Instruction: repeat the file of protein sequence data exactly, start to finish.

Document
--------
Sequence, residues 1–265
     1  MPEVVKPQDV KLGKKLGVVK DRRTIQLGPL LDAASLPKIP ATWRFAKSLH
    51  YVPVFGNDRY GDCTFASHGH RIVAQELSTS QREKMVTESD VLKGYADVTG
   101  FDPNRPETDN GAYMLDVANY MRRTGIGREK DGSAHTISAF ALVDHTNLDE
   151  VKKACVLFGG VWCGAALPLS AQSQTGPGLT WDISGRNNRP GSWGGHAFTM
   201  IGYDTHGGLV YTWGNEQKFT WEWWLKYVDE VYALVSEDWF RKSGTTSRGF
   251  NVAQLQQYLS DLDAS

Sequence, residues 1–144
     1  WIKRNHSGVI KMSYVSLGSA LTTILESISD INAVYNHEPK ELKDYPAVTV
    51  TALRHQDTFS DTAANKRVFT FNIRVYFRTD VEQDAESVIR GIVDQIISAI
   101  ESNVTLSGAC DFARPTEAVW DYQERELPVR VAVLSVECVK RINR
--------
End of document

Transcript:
Sequence, residues 1–265
     1  MPEVVKPQDV KLGKKLGVVK DRRTIQLGPL LDAASLPKIP ATWRFAKSLH
    51  YVPVFGNDRY GDCTFASHGH RIVAQELSTS QREKMVTESD VLKGYADVTG
   101  FDPNRPETDN GAYMLDVANY MRRTGIGREK DGSAHTISAF ALVDHTNLDE
   151  VKKACVLFGG VWCGAALPLS AQSQTGPGLT WDISGRNNRP GSWGGHAFTM
   201  IGYDTHGGLV YTWGNEQKFT WEWWLKYVDE VYALVSEDWF RKSGTTSRGF
   251  NVAQLQQYLS DLDAS

Sequence, residues 1–144
     1  WIKRNHSGVI KMSYVSLGSA LTTILESISD INAVYNHEPK ELKDYPAVTV
    51  TALRHQDTFS DTAANKRVFT FNIRVYFRTD VEQDAESVIR GIVDQIISAI
   101  ESNVTLSGAC DFARPTEAVW DYQERELPVR VAVLSVECVK RINR